What is Errors and Omissions Insurance?
Errors and Omissions (commonly referred to as E&O), is a form of liability insurance that helps protect you from client lawsuits that claim you made a mistake in your professional services. Errors and Omissions cover is also called: professional liability, malpractice insurance or even media liability. E&O covers all costs which you become legally obligated to pay as damages, because of injury arising out of the rendering of, or failure to render, professional services in the practice of your profession.
Who needs Errors and Omissions Insurance?
If your business offers a professional service or provides advice to a client, this insurance coverage is for you. It’s the only business insurance that protects against dissatisfied clients who file a lawsuit over (for example) a mistake, accusations of negligence, a missed deadline, or a complaint related to the work preformed versus the signed contract.
E&O policies are designed to specifically cover professionals who give advice, counselling or administer health care. Physicians, dentists, pharmacists, engineers, architects, lawyers, accountants and insurance brokers are in this category. Barbers, hair stylists, beauticians, morticians, veterinarians, optical establishments and hearing aid establishments also require special types of professional liability insurance.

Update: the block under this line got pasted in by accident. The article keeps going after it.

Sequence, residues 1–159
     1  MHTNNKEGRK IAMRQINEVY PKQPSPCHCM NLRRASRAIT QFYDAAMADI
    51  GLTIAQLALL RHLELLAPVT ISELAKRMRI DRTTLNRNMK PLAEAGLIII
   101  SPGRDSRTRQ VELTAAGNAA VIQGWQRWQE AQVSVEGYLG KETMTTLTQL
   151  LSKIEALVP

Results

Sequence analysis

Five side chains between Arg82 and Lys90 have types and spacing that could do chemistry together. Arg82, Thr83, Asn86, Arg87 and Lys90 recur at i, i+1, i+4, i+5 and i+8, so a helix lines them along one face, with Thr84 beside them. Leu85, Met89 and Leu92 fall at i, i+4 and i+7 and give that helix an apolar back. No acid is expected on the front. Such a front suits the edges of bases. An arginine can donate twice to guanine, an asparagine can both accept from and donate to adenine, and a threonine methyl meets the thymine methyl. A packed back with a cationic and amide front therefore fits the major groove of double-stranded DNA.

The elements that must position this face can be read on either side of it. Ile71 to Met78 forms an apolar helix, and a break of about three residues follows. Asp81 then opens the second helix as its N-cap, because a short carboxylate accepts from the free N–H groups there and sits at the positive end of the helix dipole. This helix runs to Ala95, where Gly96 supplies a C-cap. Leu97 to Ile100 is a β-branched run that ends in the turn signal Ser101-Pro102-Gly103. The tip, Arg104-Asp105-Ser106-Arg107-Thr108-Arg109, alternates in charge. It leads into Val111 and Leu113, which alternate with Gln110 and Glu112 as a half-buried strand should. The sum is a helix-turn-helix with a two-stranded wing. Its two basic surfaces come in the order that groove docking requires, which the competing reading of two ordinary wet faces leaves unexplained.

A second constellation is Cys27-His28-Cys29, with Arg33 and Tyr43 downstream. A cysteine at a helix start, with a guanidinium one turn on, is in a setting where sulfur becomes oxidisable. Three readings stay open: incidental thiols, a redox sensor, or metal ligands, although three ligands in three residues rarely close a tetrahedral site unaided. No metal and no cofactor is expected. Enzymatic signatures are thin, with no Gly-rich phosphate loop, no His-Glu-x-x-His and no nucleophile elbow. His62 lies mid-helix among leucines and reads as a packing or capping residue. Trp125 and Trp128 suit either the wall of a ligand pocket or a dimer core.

Your Errors and Omissions policy would help cover the cost of admin expenses, court judgements, settlement costs and court fees, should you be involved in a lawsuit over the quality of your work. The legal "causes of action" for an E&O lawsuit can vary from negligence (an accusation that your work was careless or didn't meet industry standards) to breach of contract (you didn't follow through on the promises you made in your contract with the plaintiff) (source: Insureon).
How can you help reduce your E&O exposure?
No matter how hard you try to avoid an E&O claim, they will still likely arise. To help reduce your exposure and be able to prove adequate due-diligence in court, we recommend a few simple risk management actions including documenting all interactions with your client, always signing a contract and be clear on all expectations of both yourself, and the client.